A carburetor (American English) or carburettor (British English; see spelling differences) is a device that mixes air and fuel for internal combustion engines in the proper ratio for combustion.
The static compression ratio of an internal combustion engine or external combustion engine is a value that represents the ratio of the volume of its combustion chamber from its largest capacity to its smallest capacity.
Engine displacement is the swept volume of all the pistons inside the cylinders of a reciprocating engine in a single movement from top dead centre (TDC) to bottom dead centre (BDC).
Mercedes-Benz produced a full line of single, two, three, straight-4 -5 and -6, V4, V6, V8, V10, V12, V16, and V20 engines and even Wankel engine.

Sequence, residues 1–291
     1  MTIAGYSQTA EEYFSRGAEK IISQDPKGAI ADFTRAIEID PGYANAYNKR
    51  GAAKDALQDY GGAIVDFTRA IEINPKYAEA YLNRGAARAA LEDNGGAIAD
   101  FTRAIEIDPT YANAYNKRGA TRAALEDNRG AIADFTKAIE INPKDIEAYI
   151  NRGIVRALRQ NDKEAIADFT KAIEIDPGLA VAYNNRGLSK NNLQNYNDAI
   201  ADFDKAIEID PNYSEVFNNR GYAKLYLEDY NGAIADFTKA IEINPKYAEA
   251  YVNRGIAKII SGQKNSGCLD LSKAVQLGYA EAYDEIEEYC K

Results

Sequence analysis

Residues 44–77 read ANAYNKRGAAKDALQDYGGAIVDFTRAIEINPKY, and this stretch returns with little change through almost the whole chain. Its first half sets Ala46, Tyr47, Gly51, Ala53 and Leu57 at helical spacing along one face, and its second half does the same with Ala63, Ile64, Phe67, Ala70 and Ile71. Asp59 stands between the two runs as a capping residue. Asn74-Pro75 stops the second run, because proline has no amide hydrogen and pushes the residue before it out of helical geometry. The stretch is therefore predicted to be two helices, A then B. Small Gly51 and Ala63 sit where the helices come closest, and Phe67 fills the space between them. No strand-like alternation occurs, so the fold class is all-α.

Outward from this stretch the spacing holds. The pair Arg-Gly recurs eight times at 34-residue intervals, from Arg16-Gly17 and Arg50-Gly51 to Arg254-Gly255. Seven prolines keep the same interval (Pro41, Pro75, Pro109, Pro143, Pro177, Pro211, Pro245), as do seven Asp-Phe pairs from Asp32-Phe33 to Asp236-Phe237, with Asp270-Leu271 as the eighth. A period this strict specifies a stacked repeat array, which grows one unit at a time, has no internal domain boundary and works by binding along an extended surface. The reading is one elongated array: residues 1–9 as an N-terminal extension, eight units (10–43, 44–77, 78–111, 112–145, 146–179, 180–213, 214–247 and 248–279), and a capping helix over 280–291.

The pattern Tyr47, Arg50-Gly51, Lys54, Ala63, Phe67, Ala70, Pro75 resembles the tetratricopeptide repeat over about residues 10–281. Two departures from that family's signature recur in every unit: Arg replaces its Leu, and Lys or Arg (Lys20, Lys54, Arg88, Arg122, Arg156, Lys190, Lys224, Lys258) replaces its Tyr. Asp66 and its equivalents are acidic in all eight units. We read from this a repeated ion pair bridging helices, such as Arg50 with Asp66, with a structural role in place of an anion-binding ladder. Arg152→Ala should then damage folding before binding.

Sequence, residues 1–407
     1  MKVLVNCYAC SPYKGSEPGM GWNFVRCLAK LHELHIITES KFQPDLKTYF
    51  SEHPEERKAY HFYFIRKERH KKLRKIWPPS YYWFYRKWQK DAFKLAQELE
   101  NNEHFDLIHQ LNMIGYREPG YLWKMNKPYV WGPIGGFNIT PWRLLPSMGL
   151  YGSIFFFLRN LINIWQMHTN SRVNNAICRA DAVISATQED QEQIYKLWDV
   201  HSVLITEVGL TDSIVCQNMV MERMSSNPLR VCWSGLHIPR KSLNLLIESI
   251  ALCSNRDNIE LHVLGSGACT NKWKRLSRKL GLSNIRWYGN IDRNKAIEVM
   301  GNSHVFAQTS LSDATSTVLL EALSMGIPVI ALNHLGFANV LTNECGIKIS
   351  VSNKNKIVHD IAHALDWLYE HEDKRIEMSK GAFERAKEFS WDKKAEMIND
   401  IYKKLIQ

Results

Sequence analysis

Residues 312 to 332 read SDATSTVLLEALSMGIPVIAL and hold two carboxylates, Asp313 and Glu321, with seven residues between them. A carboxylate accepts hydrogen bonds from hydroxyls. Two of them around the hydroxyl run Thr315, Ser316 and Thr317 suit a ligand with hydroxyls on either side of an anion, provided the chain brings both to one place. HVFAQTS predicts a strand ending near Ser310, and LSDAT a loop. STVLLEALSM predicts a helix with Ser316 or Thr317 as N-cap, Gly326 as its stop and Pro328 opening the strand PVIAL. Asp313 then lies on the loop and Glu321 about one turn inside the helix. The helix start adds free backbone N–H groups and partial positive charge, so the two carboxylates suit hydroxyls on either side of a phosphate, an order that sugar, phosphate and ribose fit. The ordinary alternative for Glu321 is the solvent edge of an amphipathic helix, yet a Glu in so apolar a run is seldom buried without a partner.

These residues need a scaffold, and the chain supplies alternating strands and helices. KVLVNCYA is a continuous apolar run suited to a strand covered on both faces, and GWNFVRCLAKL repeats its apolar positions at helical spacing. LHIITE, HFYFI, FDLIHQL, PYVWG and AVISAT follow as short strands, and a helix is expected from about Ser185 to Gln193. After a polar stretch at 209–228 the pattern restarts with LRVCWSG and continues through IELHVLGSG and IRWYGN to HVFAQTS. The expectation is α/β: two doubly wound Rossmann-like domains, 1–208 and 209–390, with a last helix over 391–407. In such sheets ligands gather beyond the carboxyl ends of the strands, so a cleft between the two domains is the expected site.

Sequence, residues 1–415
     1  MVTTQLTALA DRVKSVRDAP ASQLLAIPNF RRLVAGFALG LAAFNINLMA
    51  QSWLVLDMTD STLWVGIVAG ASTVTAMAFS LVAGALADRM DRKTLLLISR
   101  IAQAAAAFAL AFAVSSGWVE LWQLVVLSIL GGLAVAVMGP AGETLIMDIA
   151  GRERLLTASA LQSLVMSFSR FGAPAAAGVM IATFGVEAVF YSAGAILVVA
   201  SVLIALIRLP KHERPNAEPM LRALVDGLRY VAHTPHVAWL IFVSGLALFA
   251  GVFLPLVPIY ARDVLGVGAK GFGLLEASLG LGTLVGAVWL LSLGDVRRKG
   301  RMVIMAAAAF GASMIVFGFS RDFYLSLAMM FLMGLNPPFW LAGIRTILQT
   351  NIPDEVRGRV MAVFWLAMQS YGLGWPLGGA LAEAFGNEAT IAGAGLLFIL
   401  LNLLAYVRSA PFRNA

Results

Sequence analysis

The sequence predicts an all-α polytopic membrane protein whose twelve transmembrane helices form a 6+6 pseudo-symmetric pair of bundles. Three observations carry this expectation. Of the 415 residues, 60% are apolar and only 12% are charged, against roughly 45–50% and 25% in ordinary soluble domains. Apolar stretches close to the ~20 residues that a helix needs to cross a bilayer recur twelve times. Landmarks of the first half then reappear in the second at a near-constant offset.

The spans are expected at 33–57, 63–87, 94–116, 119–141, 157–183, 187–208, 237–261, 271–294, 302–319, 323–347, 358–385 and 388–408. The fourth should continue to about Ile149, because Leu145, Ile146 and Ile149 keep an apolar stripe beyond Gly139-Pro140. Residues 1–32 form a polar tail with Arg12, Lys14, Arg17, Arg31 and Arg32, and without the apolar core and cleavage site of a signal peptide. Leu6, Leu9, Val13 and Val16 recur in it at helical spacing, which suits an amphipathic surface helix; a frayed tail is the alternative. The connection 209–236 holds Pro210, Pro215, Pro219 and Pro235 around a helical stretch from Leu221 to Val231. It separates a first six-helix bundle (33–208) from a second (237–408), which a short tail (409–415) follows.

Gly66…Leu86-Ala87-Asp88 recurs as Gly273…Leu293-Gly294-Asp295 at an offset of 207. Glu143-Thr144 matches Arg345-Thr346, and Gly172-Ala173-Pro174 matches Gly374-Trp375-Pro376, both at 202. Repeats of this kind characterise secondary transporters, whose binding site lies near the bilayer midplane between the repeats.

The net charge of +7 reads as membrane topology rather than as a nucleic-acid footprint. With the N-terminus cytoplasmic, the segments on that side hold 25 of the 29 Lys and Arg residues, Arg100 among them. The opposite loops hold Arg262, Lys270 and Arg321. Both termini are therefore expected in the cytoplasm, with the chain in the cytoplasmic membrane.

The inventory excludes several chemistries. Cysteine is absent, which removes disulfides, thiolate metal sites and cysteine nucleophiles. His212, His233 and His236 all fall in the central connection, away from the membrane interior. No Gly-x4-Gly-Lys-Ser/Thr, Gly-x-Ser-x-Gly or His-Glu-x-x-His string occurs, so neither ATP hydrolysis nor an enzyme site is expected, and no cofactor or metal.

The Otto engine was a large stationary single-cylinder internal combustion four-stroke engine designed by Nikolaus Otto.
The straight-six engine or inline-six engine (often abbreviated I6 or L6) is an internal combustion engine with the cylinders mounted in a straight line along the crankcase with all the pistons driving a common crankshaft (straight engine).
The Zenith Carburetter Company Limited was a British company making carburettors in Stanmore Middlesex founded in 1910.